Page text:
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(Reference retrieved automatically from Web of Science through information on FAPESP grant and its corresponding number as mentioned in the publication by the authors.)

Combined effects of the light touch and cognitive task affect the components of postural sway

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Author(s):
dos Santos, Daniel Goncalves [1, 2] ; Prado-Rico, Janina Manzieri [1, 2] ; Alouche, Sandra Regina [1, 2] ; de Souza Costa Garbus, Rafaela Barroso [1, 2] ; de Freitas, Paulo Barbosa [3, 4, 5] ; Sbeghen Ferreira de Freitas, Sandra Maria [3, 4, 1, 2]
Total Authors: 6
Affiliation:
[1] Univ Cidade Sao Paulo, Masters Program Phys Therapy, Rua Cesario Galeno, 448-475 Tatuape, BR-03071000 Sao Paulo, SP - Brazil
[2] Univ Cidade Sao Paulo, Doctoral Program Phys Therapy, Rua Cesario Galeno, 448-475 Tatuape, BR-03071000 Sao Paulo, SP - Brazil
[3] Penn State Univ, Dept Kinesiol, University Pk, PA 16802 - USA
[4] Penn State Univ, Milton S Hershey Med Ctr, Dept Neurol, Hershey, PA 17033 - USA
[5] Univ Cruzeiro Sul, Interdisciplinary Grad Program Hlth Sci, Sao Paulo - Brazil
Total Affiliations: 5
Document type: Journal article
Source: Neuroscience Letters; v. 703, p. 99-103, JUN 11 2019.
Web of Science Citations: 2
Abstract

The light touch (LT) of the fingertip on a rigid surface and the performance of a cognitive task (CT) affect the postural control. The current study examined the mechanisms involved in the control of postural sway (i.e., Rambling and Trembling components of the center of pressure) with the LT and CT performed individually or simultaneously. Thirteen adults stood on a force plate for 70 s while performed the LT, CT (visual searching of specific letters) or both tasks simultaneously. COP, Rambling, and Trembling mean amplitude and speed were computed. COP and Rambling trajectories were highly and Trembling moderately reduced with LT. The CT affected mainly the Rambling component, supporting the role of supraspinal control of postural sway. These findings suggested that while LT influences both supraspinal and peripheral control mechanisms, CT influences mostly the supraspinal mechanisms involved in postural sway. The combined effects of LT and CT improve the postural control with no negative consequences on CT performance. (AU)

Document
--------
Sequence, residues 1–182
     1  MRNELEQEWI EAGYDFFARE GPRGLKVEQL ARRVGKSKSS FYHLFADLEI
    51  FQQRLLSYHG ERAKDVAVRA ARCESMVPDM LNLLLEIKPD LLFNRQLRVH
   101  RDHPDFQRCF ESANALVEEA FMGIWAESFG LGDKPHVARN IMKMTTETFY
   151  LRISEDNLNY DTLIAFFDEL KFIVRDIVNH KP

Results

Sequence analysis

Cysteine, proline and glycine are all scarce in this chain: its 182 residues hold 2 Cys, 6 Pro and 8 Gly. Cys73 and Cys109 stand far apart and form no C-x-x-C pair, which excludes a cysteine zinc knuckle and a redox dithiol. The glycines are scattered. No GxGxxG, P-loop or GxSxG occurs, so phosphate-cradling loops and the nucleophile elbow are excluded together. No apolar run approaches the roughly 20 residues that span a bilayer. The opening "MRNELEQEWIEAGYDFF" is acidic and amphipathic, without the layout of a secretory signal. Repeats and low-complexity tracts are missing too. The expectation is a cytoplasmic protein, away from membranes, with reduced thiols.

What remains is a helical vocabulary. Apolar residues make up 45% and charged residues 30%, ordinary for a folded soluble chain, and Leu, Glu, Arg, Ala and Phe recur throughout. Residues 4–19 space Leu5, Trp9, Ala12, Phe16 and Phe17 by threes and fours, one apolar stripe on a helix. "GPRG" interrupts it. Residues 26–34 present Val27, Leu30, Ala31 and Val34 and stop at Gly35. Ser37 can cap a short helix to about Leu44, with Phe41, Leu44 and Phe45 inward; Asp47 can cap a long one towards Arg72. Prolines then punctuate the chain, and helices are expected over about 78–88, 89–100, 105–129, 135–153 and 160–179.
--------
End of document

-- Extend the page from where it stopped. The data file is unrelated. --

FAPESP's process: 10/15360-4 - Use of additional sensorial information in postural control of individuals after cerebrovascular accident
Grantee:Sandra Maria Sbeghen Ferreira de Freitas
Support Opportunities: Regular Research Grants